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The Lumière Brothers' First Films (1996)

 -  Documentary | History
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A collection of short films made by the Lumiere brothers, a team of pioneering filmmakers in turn-of-the-century France.

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Cast

Credited cast:
Mrs. Auguste Lumiere ...
Herself (from 'Repas de bébé (1895)') (as Mrs. Margaret Lumière)
Antoine Lumière ...
Himself - Lumières' Father, Playing Cards (from 'Partie d'écarte (1895)')
...
Himself (from 'Repas de bébé (1895)')
...
Narrator
Félicien Trewey ...
Himself - Playing Cards (from 'Partie d'écarte (1895)')
M. Winckler ...
Himself - Playing Cards (from 'Partie d'écarte (1895)')
Edit

Storyline

A collection of short films made by the Lumiere brothers, a team of pioneering filmmakers in turn-of-the-century France.

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Crazy Credits

Narrator Bernard Tavernier credits all others orally when they appear in the movie. See more »

Connections

Edited from Londres, Entrée du cinématographe (1896) See more »

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User Reviews

 
A Means to an End
15 April 2004 | by See all my reviews

28 December 1895 is a date of memorization for film students, but was the Lumière Brothers' Cinématographe projections of 50-seconds scenes at the Grand Café in Paris the first display of cinema to a paying audience? No, the Skladanowsky brothers accomplished the feat on 1 November of the same year with their Bioskop. In the U.S., the Lathams and the partnership of Thomas Armat and C. Francis Jenkins did likewise earlier that year. Projected reproduced motion not on celluloid film strips has a history going back further. To the credit of narrator Bertrand Tavernier and to the discredit of many historians, he didn't make the claim; he even quickly acknowledged inventors preceding the Lumière Brothers. Anyhow, this film is not a documentary about the lives and accomplishment of the two, but is a compilation of their films, most of them made by Louis Lumière, or cameramen who traveled the globe. It's an excellent source for a film student.

The Cinématographe was a vast improvement upon Dickson and Edison's Kinetograph, which was immobile. The Cinématographe, however, at 7,25 kg. (16 lb.), could be taken outside of a "Black Maria"; hence, the Lumière films are called actualities. Additionally, the Cinématographe was reversible--working efficiently as a camera, projector and printer. Contemporaries also remarked on the superior quality of its projected images (although they also complained about its excessive flickering).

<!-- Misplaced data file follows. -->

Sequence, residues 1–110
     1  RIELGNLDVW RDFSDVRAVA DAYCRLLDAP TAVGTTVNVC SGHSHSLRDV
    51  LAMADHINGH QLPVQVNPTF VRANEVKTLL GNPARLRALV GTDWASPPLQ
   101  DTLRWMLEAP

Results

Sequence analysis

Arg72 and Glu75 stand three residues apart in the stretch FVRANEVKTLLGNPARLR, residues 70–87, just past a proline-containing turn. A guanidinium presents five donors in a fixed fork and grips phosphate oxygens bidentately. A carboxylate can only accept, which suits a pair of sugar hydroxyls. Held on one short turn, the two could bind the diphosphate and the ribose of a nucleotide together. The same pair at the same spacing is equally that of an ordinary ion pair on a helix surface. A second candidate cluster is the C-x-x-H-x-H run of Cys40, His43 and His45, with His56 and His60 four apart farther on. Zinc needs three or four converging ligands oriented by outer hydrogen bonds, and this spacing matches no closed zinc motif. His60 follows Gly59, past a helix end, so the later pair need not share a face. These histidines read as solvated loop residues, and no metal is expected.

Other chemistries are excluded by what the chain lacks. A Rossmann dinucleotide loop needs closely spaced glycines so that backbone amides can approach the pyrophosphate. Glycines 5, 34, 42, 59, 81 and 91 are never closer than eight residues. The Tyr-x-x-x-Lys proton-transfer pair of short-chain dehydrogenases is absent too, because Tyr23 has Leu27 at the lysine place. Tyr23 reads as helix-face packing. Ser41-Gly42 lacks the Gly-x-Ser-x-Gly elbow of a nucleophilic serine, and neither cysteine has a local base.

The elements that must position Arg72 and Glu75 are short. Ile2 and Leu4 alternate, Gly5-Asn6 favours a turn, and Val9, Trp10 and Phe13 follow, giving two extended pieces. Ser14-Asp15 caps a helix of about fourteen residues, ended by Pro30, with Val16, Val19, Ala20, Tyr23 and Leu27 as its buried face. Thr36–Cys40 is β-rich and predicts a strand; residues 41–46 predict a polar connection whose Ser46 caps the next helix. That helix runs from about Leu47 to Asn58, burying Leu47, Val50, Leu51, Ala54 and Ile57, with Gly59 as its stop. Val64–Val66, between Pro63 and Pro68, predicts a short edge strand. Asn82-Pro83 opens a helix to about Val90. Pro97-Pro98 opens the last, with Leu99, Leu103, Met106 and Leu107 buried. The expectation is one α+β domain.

Besides producing better moving pictures than Edison's company and others, Louis Lumière would master such basics as directing subjects in and out of frame, distance and composition and, thanks in large part to Alexandre Promio, tracking shots, or panoramas. The panoramas consisted of placing the camera on a moving object, such as a boat or a train. One film is in a shaky camera fashion with children chasing after the camera and cameraman who are sitting in a rickshaw. Street documentation was a particular obsession, Tavernier noted. A shot of action with the Sphinx and Pyramid as background, a scene of opium smokers, and a view of a colonist throwing grains to children are some of the most interesting films, at least from a historical perspective. The Lumière company not only made interesting films by taking their camera around the world, but also introduced the world to cinema. Additionally, there is probably the first film of a filmmaker filming. In another scene, the director waves his hand within frame to usher the passerby subjects. A trick shot involving those dangerous cars, a serpentine dance, and a puppet show of a "happy skeleton" are the more cinematically challenging productions; yet, those are attempts at duplicating the innovations of others, who had by then surpassed the Lumiéres. Louis Lumière said, "The cinema is an invention without a future", but Georges Méliès and others were proving both brothers wrong when Louis was finishing his film career.

Tavernier's narration was generally a welcomed addition to watching the films, but he did exaggerate occasionally, as do many so enthusiastic about their subject. Although my favorite film of theirs, I wouldn't err as to say "Arrivee d'un train" (1895) was the first masterpiece and the first horror film. At other times, though, Tavernier gives humorous comments. To a scene of the French Army using and abusing a horse by doing disorganized gymnastics atop and into it, Tavernier remarked, "By just seeing the film, you can see why we lost so many wars." Moreover, he provides some useful information, such as a explanation of the multiple shots of factory workers leaving, and why, for apparently 95 years, historians have been incorrect about their first film made 19 March 1895. If one wants to see the films by the Lumière brothers, this is the best means to that end that I know of--not only are their most popular handful or so films available here, but their later productions (many not made by either brother) are, as well. And, the restoration and transfer are remarkably crisp.


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